Interview Strategies

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					            Reliable and valid selection

Interview Strategies
    The   stress interview
    The   frank and friendly interview
    The   conspiratorial strategy
    The   sweet and sour strategy
    The   sell and tell strategy
    The   tell and listen strategy
Recruitment & Selection

                We need a selection
                criteria and a good
                variety of questions
                   …. OK Bozo
The stress interview
                            Requires skilled
   Shows applicants
    reactions under
                            May alienate the
    stress                   applicant
   Can be suited to        Is not relevant to
    high pressure jobs       many positions
   High validity           May give the
                             company a poor
The structured interview

     Advantages          Disadvantages
    Consistency            Can lack flexibility
    Reliability            Interviewer may
    Time efficient          dominate
                            Applicant may be
    Easier applicant        overwhelmed by
     comparison              questions
    More professional      Sometimes hard to
    All areas covered       answer
The unstructured interviewed
    Advantages           Disadvantages
   Applicant may be        Harder to control
    more relaxed            May miss important
   Can be tailored to       areas
    the individual          Harder to compare
   Easier to probe          applicants
Effective interviewing
    Know the job
    Know the personal attributes, experience,
     skills and qualifications needed
    Review the resume or application form
    Set specific objectives
    Create a good interview environment
    Plan the interview procedure
    Beware of prejudices
    Don’t make snap decisions
    Follow up the interview
    Maintain or enhance self-esteem
    Questioning Skills
   Closed questions
    ◦ Elicit yes/no or brief factual answers
    ◦ e.g.. do you have a drivers license?
   Open ended questions
    ◦   Require answers with more detail
    ◦    e.g. how did you achieve these results? Or
    ◦   What kind of responsibilities did you have?
    ◦   Why did the incident occur?
    Questioning skills
 Probing   questions
 ◦ As a counter to a closed or general
   answer can be used to elicit further
   information, e.g.
    First question – “ How did you react to the
    First answer – “Fine”
    Probing question – “ how did the
     organisational changes affect your work
Behavioural Interviews or
Targeted Selection
 Past behaviour predicts future performance
 Critical competencies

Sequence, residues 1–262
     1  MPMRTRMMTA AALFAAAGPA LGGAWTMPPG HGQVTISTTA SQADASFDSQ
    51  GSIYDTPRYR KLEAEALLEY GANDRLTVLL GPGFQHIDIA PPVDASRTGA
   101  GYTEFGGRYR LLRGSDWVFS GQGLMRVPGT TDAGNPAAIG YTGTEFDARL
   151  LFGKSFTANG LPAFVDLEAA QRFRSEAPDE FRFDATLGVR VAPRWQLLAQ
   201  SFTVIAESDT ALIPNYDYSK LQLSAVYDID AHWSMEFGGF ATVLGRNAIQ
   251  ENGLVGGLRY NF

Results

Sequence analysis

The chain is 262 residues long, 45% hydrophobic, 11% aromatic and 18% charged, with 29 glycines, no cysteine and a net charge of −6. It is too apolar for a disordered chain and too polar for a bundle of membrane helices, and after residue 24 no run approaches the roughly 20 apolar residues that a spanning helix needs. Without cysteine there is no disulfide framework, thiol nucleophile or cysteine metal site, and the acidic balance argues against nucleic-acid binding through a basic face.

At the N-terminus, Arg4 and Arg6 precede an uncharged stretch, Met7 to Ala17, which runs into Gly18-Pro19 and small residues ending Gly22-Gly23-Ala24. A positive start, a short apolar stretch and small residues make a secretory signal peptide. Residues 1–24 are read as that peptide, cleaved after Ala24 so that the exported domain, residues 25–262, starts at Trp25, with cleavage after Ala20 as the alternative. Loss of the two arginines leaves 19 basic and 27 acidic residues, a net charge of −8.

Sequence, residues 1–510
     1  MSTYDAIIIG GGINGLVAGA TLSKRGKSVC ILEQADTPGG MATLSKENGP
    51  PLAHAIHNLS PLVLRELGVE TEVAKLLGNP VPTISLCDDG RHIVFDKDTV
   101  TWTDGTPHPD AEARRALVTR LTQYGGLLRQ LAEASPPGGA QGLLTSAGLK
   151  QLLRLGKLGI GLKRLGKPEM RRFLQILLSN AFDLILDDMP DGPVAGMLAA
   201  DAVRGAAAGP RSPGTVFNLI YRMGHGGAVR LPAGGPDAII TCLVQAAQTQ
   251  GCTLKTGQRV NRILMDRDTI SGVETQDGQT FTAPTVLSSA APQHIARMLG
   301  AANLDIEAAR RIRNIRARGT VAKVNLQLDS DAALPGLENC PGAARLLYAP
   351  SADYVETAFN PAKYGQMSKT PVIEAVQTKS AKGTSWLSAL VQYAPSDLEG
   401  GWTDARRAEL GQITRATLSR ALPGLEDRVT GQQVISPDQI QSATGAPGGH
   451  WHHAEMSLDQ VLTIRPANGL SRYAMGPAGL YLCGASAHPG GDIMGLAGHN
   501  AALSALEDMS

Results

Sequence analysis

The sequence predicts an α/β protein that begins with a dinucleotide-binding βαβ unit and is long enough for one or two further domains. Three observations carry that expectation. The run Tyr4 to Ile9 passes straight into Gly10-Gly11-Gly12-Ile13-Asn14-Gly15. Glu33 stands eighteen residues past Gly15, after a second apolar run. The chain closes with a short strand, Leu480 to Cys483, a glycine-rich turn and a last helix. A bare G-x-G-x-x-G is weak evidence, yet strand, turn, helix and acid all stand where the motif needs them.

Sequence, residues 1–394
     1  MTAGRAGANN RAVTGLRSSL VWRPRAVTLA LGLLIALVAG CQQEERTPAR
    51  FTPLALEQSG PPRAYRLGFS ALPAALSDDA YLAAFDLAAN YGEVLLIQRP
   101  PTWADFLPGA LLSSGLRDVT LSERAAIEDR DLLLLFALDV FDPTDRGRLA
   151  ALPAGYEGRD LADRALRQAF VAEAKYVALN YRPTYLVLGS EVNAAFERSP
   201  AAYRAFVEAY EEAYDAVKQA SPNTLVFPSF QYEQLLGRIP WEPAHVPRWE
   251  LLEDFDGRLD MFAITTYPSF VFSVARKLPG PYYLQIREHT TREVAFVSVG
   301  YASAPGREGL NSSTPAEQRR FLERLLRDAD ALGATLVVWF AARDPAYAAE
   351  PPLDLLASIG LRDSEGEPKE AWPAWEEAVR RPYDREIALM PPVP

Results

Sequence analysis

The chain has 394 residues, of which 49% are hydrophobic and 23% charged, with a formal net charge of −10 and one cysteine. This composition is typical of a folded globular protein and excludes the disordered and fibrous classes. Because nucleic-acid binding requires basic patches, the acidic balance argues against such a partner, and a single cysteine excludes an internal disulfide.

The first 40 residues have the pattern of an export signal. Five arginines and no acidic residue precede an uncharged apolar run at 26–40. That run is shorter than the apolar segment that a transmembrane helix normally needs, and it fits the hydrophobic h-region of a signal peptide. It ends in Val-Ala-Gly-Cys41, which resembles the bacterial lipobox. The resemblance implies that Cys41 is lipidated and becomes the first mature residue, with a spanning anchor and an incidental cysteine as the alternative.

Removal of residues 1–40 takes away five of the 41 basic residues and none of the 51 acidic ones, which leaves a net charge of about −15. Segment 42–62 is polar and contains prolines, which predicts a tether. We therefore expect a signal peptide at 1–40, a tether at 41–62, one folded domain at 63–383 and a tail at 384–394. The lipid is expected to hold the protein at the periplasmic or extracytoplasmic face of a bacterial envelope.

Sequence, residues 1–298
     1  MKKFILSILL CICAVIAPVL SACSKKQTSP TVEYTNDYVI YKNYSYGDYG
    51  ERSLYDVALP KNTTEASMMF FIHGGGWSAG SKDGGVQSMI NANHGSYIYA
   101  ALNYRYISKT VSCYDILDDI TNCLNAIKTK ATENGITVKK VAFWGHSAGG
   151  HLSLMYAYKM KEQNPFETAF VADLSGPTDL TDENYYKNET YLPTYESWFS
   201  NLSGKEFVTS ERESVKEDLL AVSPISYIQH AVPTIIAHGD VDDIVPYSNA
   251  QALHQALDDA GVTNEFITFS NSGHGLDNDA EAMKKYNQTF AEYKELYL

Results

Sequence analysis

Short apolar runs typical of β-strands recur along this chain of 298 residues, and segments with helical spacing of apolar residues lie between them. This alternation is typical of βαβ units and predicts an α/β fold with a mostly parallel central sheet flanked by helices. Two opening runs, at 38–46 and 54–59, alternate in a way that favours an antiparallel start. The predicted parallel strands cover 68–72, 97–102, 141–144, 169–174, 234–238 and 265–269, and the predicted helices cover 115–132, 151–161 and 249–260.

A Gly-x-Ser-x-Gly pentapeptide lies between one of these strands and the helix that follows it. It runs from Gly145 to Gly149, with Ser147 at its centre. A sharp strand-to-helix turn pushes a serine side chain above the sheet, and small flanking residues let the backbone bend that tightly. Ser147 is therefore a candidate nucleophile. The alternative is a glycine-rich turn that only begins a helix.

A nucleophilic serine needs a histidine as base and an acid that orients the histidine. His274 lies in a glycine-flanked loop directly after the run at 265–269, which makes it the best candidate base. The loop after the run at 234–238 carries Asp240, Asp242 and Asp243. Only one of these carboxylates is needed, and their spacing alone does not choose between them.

 Standardised behavioural questions
 Practical rather than hypothetical questions
 Example: tell me a time when you were
  working with a co-worker who was performing
  below standard. How did you deal with this
  person. What was the eventual outcome of
  your intervention?
Questioning skills
              Questioning strategies
   Decide on the order of questions in
   Pace the interview and a maintain control
   Start with easier questions
   Focus on the selection criteria
   Move from general to the specific
   Complete one topic (criteria) at a time
   Take notes
     Interview techniques

   Ask open questions
   Avoid closed questions
   Ask clear questions
   Avoid ambiguous or leading questions
   Ask relevant questions
   Ask one question at a time
    Common interview problems

   Poor planning
   Lack good selection
   Lack of organisation
   Lack of foresight
   No logical sequence
   Inability to select what is relevant
What distractions can occur?

 Outside disturbances
 Concentrating on what
  to say rather than listening
 Selective attention
  (we choose to not hear
  something we don’t want to)
 Underdeveloped listening and
  questioning skills
Blockers to effective listening
   “I already know what you are going to say”
   “I’ll get my response ready”
   “I’m waiting to get my next question in”
   Hurry up, I don’t have much time.”
   “I’m not going to change my mind”
   “This is what you should do”
   “I have no interest in what you are saying”
   “What impression am I I making here”
   Pseudo listening
Non-verbal Communication

Perceptions are created
first impressions through
 Gestures
 Cloths and belongings
 Linguistics
 Emotions
 Posture and body movements
 Facial expressions
 Eye contact

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